Despite the recent modest profit-taking in the S&P 500, the market – just shy of its all time high 2,400 level – remains in nosebleed valuation territory.
As Bank of America calculates, in March the S&P 500 forward P/E was little-changed amid a flat month for stocks, and at 17.5x continues to trade at its highest levels since 2002 (on a trailing basis P/E is at 19.6 and 29.0 based on the Shiller PE). This is almost one turn higher since we last performed a similar valuation exercise back in December.
Hardly a bargain, stocks remain stretched vs. history on the majority of metrics Bank of America tracks (Table 2) and as Savita Subramanian points out, the only way stocks still look cheap is relative to bonds. While BofA is quick to warn that today’s elevated valuations suggest longer-term caution on stocks, it reminds clients that “valuations typically matter little in the final stage of a bull market during which sentiment and positioning are the key drivers of returns.” This is also known as the so-called “just buy everything” cop out.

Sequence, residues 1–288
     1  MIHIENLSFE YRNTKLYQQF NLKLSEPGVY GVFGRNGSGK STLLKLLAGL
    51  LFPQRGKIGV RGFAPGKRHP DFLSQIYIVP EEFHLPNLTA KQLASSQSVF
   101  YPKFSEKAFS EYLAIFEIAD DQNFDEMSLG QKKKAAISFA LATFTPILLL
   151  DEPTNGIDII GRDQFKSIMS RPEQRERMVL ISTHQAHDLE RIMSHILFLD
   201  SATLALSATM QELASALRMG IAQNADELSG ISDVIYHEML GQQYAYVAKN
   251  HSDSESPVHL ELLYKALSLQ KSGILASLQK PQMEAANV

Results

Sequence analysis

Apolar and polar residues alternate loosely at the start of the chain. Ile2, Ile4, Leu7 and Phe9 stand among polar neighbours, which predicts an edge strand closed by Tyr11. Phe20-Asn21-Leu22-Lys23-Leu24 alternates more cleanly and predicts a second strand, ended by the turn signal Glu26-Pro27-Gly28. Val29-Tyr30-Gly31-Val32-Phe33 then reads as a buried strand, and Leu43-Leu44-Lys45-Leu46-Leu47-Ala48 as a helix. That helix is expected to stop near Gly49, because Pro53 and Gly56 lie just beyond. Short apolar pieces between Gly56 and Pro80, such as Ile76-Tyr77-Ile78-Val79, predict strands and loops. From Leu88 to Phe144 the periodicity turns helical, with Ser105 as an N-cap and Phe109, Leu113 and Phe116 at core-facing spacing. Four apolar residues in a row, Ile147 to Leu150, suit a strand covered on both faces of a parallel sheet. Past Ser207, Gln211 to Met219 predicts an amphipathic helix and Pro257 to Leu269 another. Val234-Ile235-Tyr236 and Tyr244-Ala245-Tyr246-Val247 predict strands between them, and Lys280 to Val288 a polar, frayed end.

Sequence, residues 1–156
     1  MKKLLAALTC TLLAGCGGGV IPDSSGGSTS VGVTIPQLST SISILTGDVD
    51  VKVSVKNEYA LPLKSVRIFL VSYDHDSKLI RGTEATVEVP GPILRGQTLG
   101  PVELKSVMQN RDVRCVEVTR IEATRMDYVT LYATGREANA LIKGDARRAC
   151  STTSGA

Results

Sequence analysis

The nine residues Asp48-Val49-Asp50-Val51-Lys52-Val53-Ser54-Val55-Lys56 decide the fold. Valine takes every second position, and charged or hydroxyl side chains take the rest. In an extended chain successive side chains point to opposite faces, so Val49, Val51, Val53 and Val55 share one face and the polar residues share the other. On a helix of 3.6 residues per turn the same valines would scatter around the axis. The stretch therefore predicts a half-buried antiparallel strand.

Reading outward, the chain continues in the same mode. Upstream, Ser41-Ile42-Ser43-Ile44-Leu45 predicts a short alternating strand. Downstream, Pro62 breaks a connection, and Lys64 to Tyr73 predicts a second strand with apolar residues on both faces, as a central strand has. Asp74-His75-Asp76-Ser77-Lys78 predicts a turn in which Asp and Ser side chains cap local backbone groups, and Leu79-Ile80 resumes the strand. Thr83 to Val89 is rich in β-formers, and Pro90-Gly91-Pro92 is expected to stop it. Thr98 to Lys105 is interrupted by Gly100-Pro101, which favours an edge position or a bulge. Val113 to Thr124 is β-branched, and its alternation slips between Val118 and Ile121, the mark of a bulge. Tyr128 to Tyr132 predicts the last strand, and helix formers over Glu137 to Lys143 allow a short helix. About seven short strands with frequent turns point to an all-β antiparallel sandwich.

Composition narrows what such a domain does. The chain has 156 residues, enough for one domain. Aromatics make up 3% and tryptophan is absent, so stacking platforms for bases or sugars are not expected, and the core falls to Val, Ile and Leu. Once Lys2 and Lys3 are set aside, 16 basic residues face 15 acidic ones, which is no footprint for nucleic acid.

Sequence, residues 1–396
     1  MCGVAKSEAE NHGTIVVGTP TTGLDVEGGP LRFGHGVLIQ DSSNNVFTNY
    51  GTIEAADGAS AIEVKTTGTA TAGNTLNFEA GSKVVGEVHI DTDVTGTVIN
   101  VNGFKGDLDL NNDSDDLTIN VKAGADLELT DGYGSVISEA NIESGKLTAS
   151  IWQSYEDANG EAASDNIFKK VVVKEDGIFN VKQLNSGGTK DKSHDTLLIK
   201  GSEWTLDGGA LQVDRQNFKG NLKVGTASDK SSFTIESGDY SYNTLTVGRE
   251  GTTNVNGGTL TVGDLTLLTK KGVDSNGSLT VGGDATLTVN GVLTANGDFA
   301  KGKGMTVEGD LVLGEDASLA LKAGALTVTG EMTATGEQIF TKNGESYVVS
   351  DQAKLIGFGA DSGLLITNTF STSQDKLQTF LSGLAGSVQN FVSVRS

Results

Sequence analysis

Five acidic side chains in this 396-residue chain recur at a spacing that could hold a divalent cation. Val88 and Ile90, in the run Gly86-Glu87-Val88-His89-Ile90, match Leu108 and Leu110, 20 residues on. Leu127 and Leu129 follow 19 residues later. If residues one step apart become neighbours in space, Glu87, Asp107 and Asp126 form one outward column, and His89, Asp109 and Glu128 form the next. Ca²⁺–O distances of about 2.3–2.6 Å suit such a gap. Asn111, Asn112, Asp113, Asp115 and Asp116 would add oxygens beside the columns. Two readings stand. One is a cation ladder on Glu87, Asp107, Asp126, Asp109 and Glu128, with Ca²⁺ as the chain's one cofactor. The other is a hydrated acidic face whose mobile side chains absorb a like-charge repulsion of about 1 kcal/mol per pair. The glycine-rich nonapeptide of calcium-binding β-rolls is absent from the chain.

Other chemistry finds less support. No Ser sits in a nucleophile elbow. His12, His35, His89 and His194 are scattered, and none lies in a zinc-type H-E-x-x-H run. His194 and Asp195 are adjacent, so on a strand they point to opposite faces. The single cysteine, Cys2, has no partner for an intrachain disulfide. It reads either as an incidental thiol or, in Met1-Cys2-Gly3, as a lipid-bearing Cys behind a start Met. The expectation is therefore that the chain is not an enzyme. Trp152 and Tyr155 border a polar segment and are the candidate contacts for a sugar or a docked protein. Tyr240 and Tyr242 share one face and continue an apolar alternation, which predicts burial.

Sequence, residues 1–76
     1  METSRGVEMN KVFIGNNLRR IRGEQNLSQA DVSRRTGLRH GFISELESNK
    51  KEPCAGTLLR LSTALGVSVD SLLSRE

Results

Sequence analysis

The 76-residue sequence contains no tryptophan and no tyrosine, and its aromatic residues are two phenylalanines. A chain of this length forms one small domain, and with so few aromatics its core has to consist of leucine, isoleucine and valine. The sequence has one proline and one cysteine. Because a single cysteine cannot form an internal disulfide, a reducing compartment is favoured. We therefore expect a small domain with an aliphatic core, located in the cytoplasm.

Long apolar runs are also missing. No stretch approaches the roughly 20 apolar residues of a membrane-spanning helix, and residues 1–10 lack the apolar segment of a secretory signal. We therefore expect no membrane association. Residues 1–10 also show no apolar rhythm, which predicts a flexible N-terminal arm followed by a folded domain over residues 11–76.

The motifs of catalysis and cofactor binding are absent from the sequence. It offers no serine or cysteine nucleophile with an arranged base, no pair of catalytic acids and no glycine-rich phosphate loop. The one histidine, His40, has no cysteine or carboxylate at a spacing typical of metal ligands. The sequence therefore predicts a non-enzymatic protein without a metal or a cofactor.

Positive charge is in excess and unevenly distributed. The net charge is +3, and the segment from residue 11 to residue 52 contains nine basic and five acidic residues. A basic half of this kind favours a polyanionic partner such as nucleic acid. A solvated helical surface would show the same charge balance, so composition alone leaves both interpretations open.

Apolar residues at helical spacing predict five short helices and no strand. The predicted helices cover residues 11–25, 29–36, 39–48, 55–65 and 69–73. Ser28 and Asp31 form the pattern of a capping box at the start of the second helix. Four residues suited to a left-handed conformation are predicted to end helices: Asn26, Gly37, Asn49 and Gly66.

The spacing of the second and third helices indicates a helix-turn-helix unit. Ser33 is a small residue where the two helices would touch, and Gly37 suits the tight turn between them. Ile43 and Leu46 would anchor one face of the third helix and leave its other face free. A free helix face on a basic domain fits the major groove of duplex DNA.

Stripping away BofA’s subjective commentary, to allow readers to decide for themselves whether stocks are massively overvalued and overbought, or perhaps cheap, here is a breakdown of the S&P 500 across a wide variety of valuation measures — 20 in total — to gauge whether US stocks look cheap vs. history. What the analysis shows is that of 20 metrics, the S&P is overvalued based on 18 by as much as 85% (on a historical market cap to GDP basis) and up to 105% if looking at the S&P in WTI terms, and is cheap only according Price to Free Cash Flow (25.1x vs 28.4x) which however is a function of ultra low interest rates, and also based on a ratio of the S&P-to-Russell 2000 fwd PE multiples. A third metric which last December suggested stocks were “cheap“, namely trailing normalized PE (19.6x vs 19.0x average) flipped to “rich” in the past 5 months…